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When Julie Mueller started working for the Westminster Police Department, she hadn’t planned to work in law enforcement. That was nearly 20 years ago.
“I kind of stumbled upon it,” Mueller said. “I first started at the PD in dispatch and the shift work was great for raising my family. Then I moved to records for 15 years and held lead and senior roles in that bureau.”
For the past five years, she’s worked in the chief’s office in administration and is responsible for managing payroll.
Her current work in payroll involves data entry and keeping track of employee hours, as well as managing reports for the command staff, including overviews of salary expenditures.
“Just making sure all the hours are being documented properly,” she said. “I also make sure that everyone’s evaluations are in on time. I am the department’s liaison with human resources.”
She said her time in records has greatly helped her work in payroll because she got to know everyone at the agency.
Payroll was an easy transition for her.
“I knew a lot of inner workings that would be helpful for me to do the job,” Mueller said. “I also know the more than 150 employees that work here very well.”
She’s also made some changes in the time she has been working in payroll. When she first started in that department, paper timesheets were still being used alongside an electronic system.
“I was able to streamline the process,” she said. “We are no longer using paper timesheets.”
Not only is Mueller in charge of important documentation for WPD employees, but she also gives her time for charitable projects near and dear to her heart — such as Project S.H.U.E.
“I have four kids,” she said. “I’ve always told them, make sure you have enough money to live and have some left over to give, and if there is anything left, then you can get yourself something nice!”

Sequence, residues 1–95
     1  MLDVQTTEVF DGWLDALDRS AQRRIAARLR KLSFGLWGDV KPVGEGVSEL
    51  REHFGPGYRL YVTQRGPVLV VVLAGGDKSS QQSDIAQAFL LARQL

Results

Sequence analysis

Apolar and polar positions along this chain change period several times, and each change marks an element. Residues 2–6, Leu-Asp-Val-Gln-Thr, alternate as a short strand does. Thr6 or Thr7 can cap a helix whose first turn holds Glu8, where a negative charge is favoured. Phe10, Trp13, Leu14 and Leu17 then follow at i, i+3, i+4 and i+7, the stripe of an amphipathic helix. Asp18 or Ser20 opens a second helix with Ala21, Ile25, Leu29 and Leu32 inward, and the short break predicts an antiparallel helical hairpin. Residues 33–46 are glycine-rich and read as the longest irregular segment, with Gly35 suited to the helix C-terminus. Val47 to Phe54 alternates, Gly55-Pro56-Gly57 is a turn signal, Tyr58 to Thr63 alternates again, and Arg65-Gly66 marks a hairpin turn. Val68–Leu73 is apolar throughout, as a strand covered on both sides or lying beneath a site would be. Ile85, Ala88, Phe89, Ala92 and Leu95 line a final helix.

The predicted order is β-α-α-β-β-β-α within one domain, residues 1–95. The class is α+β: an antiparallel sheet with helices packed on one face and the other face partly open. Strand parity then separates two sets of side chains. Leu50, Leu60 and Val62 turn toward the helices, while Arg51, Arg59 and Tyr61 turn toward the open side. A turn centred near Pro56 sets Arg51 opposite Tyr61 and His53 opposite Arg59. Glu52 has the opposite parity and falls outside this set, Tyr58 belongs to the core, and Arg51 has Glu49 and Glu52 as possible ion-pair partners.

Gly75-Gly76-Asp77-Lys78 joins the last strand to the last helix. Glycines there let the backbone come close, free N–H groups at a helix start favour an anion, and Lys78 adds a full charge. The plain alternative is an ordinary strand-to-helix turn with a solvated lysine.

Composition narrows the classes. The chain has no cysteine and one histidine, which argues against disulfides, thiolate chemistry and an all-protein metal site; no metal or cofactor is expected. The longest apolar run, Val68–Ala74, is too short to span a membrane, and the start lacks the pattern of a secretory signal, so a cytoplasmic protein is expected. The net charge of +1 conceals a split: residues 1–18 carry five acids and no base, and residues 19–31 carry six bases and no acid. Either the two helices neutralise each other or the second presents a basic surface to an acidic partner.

Project S.H.U.E. is a program that helps at-risk first- and second-graders via mentoring and tutoring from volunteers at the Westminster Senior Center. For the holidays, Mueller helps coordinate the program with gift donations from WPD employees.
“We receive a Santa’s wish list from the kids of what they want, along with their picture and age,” she said. “Our PD employees are among some of the most generous people and the kids get picked quickly from the program.”
Each child receives a gift and a pair of shoes that are wrapped by their senior mentors and handed out during a holiday party at the local community center.
“Everyone who has participated is invited to the holiday party,” she said. “We try to make it a good turnout for the kids.”
Mueller also enjoys helping out in other ways.
“I have helped plan for Christmas parties and Annual Employees Appreciation Day party in the summer,” she said.
She’s enjoyed all of her work throughout the years and feels appreciated for what she does.
In 2012, Mueller received the Chief’s Award of Excellence for outstanding work ethic and commitment to the job. She was also awarded the Civilian of the Year Award, a nomination by peers, in 2015. As she nears her 20th anniversary in November, she looks forward to many more years to come.
“Over the last 20 years I have made some amazing friendships and have been able to help people. I care about the community I work in and look forward to several more years with this great group of people who serve it every day,” she said. “The civilian staff and officers in this department are among the best. We all work together to help one another and the community we work for.”